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Land utilization (percentage of total land area): Africa

Land is intensively used in most African sub-regions, with more than 50 per cent of all land in use in two subregions

Source: compiled from FAOSTAT 2001

As well as providing subsistence crops for a large proportion of Africa's population, there are increasing demands on the land to produce cash crops for export, facilitating economic growth. These demands are often in conflict, and make coherent policy development and implementation a complex and difficult task. Over the (compiled from FAOSTAT 2001). The percentage of agricultural land (cultivated and pasture) varies considerably across Africa, from 54.7 per cent in Southern Africa and 46.6 per cent in the Western Indian Ocean islands to 20 per cent in Northern Africa and 19.3 per cent in Central Africa (see bar chart). The extent to which African economies are dependent on agriculture is reflected in the contribution to GNP (approximately 17 per cent during the 1990s), and to employment - more than 60 per cent of the total labour force in 1996, although this had declined from 70 per cent in 1980 (ADB 2001).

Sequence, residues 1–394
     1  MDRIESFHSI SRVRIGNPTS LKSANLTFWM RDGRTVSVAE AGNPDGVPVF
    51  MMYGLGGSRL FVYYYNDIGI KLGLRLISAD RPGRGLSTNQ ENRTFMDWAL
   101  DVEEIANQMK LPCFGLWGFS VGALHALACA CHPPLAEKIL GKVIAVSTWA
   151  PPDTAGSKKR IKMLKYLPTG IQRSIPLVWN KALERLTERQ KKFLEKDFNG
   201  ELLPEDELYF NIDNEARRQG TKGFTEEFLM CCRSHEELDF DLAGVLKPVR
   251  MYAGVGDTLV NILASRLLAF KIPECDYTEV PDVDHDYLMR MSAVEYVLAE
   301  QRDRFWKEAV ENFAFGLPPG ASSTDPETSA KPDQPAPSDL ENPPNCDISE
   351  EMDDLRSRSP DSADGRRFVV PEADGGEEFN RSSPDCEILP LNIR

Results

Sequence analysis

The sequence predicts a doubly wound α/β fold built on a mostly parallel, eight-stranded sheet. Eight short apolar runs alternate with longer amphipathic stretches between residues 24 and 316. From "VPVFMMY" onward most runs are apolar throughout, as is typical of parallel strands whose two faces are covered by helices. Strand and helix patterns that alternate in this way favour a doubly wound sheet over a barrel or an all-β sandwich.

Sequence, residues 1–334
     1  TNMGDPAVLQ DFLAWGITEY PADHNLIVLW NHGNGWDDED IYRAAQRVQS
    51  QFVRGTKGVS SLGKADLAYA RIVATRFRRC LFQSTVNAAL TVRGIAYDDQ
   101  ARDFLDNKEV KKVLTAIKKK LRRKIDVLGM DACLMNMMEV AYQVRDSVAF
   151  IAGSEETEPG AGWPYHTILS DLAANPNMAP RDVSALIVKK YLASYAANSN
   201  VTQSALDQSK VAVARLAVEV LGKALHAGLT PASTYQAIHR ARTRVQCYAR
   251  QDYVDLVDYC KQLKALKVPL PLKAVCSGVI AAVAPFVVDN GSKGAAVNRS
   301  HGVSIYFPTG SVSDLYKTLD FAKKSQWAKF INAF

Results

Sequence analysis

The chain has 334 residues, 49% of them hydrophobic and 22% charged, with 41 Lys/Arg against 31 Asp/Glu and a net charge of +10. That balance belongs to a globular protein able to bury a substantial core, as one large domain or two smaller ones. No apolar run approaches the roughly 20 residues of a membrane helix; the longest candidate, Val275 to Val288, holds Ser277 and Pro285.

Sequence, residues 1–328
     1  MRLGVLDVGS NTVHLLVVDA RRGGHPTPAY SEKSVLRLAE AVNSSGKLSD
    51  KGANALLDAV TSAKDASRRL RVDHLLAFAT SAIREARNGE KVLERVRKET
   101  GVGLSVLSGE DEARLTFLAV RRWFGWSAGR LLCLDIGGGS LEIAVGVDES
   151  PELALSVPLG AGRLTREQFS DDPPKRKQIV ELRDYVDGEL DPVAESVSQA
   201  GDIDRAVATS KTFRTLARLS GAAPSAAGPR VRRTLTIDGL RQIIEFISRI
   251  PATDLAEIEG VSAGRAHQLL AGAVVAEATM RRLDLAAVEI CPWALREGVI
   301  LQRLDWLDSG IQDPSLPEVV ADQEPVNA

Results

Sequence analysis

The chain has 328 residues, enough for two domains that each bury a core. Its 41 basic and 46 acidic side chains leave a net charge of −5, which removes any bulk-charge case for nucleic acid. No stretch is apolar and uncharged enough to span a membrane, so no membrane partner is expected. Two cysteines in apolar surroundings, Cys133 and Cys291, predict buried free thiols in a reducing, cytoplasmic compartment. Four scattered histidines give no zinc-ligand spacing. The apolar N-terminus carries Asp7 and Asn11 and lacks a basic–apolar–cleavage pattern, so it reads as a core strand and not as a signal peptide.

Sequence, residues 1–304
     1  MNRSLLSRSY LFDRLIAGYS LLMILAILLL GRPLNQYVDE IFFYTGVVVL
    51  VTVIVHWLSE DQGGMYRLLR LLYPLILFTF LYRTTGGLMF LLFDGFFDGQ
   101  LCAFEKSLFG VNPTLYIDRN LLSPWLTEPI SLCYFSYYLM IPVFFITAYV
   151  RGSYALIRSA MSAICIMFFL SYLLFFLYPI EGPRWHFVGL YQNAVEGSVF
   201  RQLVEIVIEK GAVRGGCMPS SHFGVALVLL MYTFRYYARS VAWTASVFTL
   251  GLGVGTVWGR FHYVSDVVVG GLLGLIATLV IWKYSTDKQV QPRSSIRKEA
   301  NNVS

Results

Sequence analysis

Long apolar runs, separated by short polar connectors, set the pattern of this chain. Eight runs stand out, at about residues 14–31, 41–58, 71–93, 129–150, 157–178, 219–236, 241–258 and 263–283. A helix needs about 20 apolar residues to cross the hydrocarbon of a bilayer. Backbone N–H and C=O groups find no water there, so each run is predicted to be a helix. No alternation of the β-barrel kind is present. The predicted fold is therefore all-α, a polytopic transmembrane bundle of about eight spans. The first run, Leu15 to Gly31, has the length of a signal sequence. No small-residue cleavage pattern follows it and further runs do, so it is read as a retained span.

Production has increased considerably over the past 30 years, mostly due to expansion of the area under cultivation, although improvements in cultivation methods and increased use of agrochemicals have also played a role. Cereal production in Africa was 58 million tonnes in 1975, and this had almost doubled to 106 million tonnes by 1999 (FAOSTAT 2001). Despite this, nutritional intake is still low in many parts of Africa and the number of undernourished people has doubled since 1970 (FAO 2000). The region is a net importer of cereal crops, and the ratio of imports to exports is escalating. In 2000 alone, millions of people in at least 16 African countries experienced food shortages, either due to crop failures or distribution breakdowns associated with civil conflict (FAO 2000). The lack of agricultural technologies suitable for African conditions has also contributed to under-realization of production potential (FAO 2000). Dependence on rain-fed agriculture, now that the potential for the expansion of irrigated agriculture has become limited due to water scarcity, increases the risk of food and economic insecurity, especially in areas of high climate variability. Restricted access to foreign markets, heavy agricultural subsidies in OECD countries, and limited processing before export add to Africa's vulnerability to international price fluctuations, and therefore failure to realize the full potential of its land resources.